Postmodernism in art and literature includes many aspects that define a novel or piece of writing to be “postmodern”. A postmodern novel often leaves the reader ambiguous to some of the most obvious forms of literature, but this ambiguity serves a purpose to the postmodernism in the metafictional story that embeds the theme or the purpose of the novel. One of the greatest examples of postmodern fiction/literature would be The Handmaids Tale by Margret Atwood. Certain aspects of this novel allow this novel to be characterized as “postmodern”, this novel was also written in time when postmodernism was just on a moral zenith in people’s consciousness. The main narrative from of this novel includes aspects of an unknown ending that questions the main purpose of the plot, the style in which narrative fictional novel is written is often questioned by the novel itself which is self-reflexive on the reader’s intellect, hence these two aspects of postmodernism in the novel in turn aid a theme that is ambiguous in it’s nature. This postmodernism approach in The Handmaids tale leaves the reader ambiguous intellectually because of the manipulative form of the narrative which tends to challenge the reader’s thought but also engage the reader into the novel, leaving the reader to think about the theme.
Handmaids Tale, has a certain form of postmodernism which leaves the reader ambiguous towards the end, the reader is left to think about the whole plot of the story. The ending of Handmaids tale is not common as other narrative fiction, which sets it apart from other novels which serves a theme and purpose but not so interactively and thoughtful as Handmaids tale. Atwood leaves the end...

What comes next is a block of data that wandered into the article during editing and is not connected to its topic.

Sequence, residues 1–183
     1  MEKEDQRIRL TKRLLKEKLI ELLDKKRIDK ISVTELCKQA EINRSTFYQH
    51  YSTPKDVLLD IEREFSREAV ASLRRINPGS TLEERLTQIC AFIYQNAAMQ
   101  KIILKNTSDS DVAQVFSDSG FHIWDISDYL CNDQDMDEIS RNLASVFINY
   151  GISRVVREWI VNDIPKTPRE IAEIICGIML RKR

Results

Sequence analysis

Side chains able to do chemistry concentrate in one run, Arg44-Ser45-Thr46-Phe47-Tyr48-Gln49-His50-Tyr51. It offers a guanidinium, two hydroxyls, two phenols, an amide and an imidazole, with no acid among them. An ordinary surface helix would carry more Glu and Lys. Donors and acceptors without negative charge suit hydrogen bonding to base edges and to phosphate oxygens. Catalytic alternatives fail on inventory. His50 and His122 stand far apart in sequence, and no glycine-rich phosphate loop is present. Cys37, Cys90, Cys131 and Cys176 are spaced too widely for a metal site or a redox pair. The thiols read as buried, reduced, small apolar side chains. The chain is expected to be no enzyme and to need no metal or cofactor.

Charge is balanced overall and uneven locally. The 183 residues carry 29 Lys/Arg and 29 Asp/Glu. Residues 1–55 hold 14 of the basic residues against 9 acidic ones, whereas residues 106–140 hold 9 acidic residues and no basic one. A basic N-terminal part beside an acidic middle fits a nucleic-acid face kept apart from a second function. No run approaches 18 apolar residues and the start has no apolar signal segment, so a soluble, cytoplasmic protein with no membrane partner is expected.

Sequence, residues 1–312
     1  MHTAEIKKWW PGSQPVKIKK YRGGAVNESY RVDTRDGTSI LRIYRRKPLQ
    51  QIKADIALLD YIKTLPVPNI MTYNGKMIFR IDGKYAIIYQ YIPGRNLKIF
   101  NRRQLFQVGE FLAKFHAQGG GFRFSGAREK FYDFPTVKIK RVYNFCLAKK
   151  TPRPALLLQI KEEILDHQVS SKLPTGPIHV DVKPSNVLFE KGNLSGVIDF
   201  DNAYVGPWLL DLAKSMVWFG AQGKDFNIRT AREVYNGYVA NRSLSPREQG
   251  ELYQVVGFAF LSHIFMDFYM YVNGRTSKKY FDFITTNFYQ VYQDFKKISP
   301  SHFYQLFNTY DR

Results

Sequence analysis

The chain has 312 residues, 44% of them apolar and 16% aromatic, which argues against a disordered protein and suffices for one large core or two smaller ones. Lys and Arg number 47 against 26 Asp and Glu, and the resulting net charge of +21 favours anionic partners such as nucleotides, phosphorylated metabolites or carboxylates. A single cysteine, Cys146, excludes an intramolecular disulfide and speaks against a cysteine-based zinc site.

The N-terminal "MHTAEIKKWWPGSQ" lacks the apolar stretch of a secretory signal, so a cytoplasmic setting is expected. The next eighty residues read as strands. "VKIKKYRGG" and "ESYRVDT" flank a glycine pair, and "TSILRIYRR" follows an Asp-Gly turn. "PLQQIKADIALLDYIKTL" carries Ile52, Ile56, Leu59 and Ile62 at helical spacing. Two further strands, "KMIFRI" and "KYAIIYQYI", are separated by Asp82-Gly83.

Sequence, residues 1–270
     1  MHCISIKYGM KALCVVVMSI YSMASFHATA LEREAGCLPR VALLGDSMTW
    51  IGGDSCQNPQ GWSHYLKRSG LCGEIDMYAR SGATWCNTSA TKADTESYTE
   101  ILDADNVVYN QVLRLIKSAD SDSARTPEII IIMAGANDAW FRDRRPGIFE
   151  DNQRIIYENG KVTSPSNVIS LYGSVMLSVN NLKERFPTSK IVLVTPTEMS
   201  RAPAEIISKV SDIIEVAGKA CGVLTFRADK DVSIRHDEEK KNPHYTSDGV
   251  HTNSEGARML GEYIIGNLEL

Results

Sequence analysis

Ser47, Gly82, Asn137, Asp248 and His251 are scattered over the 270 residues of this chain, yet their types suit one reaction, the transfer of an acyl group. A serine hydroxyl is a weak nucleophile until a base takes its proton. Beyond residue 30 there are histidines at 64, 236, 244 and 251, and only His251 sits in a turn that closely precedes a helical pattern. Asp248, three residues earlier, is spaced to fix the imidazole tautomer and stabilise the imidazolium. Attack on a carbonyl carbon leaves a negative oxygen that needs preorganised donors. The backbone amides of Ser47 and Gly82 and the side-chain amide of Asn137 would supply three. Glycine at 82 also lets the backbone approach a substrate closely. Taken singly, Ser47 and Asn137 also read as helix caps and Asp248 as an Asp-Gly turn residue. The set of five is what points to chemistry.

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... the theme while relating it to her/himself. The theme of the story is manifested through the ambiguity the plot embeds, questioning and challenging the moral beliefs the reader knows. The postmodern aspects this novel that construct the meaning are, the unusual ending that forces the reader to question and interpret the purpose of the ending, piecing together the structure of the narrative that constantly interacts with the reader to question the actual meaning of narrative fiction, and finally using all that knowledge to understand the main theme and meaning of the novel through its postmodern aspects that exhibit some kind of ambiguity for the reader. Margret Atwood uses these postmodern characteristics as a base or part of the novel, manipulating the form to create ambiguity in the novel’s purpose, form and meaning ultimately for the reader to realize the theme.
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